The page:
Un verre avec … Baby et Lulu

| September 28, 2012 | 0 Comments

Briana Everett catches up with a unique Australian duo with a very French repertoire.

It all began in a basement. The Basement in Sydney’s Circular Quay, that is.

French-language chanteuse duo Baby et Lulu had its beginnings in a singer/songwriters gig at Sydney’s prime jazz venue, about eight years ago.

It was at this gig where the musical partnership and close friendship between Australian singers Abby Dobson and Lara Goodridge, the beautiful voices of Baby et Lulu, first blossomed.

Both singing that night, Goodridge watched Dobson, the former front-person for Leonardo’s Bride, perform and was instantly drawn to her to voice.

“I was floored by her beauty and her songs, and I just fell in love with the music,” says Goodridge, a violinist/singer with string quartet FourPlay.

Baby et Lulu

Recalling how their friendship grew after that first encounter, Dobson, nicknamed “Baby”, describes the moment her and “Lulu” discovered their mutual love of all things French.

“We worked together with my [solo] album and had a great time. We became very close and realised that we both had the same ridiculous sense of humour, and also, quite late into the friendship, we realised that we had this love of French,” she says.

Dobson first fell in love with French as a young girl, influenced by her “glamourous” French-speaking aunt, and later lived in Paris where she made her debut as a professional singer, performing at a tequila slammer bar.

“I had roses on my dining room table every day because people would bring them around,” she says. “They really have this reverence for singers and artists in France, so it was a very nice beginning.”

For Goodridge, her love affair with French also began early on.

“I just remember being a kid and being madly in love with everything French. French cinema, French music,” she says, adding that she couldn’t wait to study French at school, continuing her studies at uni and leaving with a masters degree in French.

Many years later, when Goodridge and Dobson happened to be in Paris at the same time, the two met for lunch and the Baby et Lulu seed was finally planted.

“We had lunch in a café one day and Lara had this book under her arm. She’d bought an early 20th Century French songbook,” says Dobson of how the Baby et Lulu conversation started.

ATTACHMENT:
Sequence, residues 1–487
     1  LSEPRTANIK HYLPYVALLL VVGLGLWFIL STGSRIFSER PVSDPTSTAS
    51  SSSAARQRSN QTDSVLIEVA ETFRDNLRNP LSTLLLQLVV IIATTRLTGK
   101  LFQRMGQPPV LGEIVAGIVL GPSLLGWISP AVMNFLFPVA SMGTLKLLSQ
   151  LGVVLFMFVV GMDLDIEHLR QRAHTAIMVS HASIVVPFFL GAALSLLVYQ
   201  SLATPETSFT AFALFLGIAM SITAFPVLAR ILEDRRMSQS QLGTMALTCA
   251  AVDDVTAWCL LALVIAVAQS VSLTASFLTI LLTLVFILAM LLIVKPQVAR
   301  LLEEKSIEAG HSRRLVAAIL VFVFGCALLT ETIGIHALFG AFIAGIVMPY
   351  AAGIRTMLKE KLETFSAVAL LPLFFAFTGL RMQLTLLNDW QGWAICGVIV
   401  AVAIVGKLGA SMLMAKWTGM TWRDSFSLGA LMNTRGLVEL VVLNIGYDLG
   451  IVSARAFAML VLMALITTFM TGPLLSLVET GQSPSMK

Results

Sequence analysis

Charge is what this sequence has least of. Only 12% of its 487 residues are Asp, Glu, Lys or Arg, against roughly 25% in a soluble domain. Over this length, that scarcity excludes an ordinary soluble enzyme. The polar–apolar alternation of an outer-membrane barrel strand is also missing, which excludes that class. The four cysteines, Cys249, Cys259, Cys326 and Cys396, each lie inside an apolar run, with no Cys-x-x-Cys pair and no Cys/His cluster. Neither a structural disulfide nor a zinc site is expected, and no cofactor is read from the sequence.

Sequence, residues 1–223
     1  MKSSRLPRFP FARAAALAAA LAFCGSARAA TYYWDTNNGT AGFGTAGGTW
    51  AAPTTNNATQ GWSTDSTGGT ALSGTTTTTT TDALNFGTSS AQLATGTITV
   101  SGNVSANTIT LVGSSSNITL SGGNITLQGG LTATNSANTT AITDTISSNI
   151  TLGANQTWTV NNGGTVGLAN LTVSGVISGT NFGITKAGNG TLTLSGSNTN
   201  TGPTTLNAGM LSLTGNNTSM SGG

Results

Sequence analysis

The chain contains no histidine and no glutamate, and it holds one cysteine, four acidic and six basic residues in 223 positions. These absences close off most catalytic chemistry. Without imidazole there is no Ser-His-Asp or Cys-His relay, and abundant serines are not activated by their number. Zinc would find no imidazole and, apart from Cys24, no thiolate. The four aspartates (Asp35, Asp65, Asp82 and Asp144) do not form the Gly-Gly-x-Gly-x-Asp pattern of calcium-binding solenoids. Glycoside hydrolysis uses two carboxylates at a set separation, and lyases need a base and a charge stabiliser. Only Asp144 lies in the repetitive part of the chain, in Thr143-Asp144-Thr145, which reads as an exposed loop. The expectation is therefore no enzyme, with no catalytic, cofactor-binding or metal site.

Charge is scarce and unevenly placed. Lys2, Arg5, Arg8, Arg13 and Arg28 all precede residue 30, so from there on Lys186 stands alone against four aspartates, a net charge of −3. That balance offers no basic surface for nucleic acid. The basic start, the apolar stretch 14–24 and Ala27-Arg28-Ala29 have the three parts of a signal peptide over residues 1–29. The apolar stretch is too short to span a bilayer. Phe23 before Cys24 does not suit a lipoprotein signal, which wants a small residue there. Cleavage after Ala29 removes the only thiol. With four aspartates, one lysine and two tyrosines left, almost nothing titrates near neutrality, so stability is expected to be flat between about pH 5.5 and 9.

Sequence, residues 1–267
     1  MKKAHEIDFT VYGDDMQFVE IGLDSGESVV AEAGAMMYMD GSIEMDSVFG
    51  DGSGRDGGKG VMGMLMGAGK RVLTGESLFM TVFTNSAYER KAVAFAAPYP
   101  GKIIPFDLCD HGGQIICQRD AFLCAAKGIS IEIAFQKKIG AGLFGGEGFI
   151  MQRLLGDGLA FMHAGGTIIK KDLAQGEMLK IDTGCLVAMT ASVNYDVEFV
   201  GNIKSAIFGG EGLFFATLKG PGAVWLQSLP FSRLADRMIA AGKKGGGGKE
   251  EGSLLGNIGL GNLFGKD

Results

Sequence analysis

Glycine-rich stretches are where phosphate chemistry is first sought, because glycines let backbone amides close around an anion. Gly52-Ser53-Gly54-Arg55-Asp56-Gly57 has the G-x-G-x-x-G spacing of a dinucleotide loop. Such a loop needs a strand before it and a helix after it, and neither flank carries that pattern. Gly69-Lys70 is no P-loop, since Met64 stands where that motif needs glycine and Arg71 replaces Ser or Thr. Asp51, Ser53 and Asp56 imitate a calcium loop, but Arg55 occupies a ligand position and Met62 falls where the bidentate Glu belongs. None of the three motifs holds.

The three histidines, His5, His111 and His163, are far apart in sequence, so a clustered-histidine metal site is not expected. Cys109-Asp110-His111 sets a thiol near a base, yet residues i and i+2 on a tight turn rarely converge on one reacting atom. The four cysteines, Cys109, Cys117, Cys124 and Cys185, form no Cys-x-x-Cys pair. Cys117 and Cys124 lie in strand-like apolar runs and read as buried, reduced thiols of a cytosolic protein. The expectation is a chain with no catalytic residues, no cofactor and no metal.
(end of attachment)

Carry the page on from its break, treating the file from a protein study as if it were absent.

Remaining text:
Then, back in Australia, Goodridge and Dobson did an impromptu performance for their friends at a party.

“We made up the name on the spot, pretty much, and just did one song,” says Goodridge.

“On a crate … with no microphones or anything,” adds Dobson. “At the end we thought, ‘It can’t be over! It can’t be over!’ We loved it so much. We just had so much fun.”

Since then, Dobson and Goodridge haven’t stopped having fun.

After singing that first song together, the pair performed a couple of times each year as Baby et Lulu, limited by the fact that, at the time, the two were living in separate cities.

“I was living in Melbourne and Lara was living [in Sydney], so we did two gigs a year, just for fun, whenever I was [in Sydney] … It was really just because everybody loved it so much and every audience was cheering more than [ever],” says Dobson, laughing that the responses to their Baby et Lulu performances have been overshadowing those of their own solo performances.

“The French people just loved it, for a multitude of reasons, so we thought we really should record this.”

Releasing their self-titled, debut album on Bastille Day this year, Baby et Lulu has already topped the iTunes jazz charts and was labelled Album of the Week by Radio National.

Recorded live with a band in just one day, the album features a mix of classic and contemporary songs written by some of the 20th Century’s greatest French songwriters, including songs made famous by Edith Piaf, Brigitte Bardot and Françoise Hardy.

Thrilled with the response to the album so far, Dobson and Goodridge talk about how they’ve uncovered the tremendous love of France held by so many Australians.

“There is an awful lot of people here with that love of all things French,” says Dobson.

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Category: People & Culture

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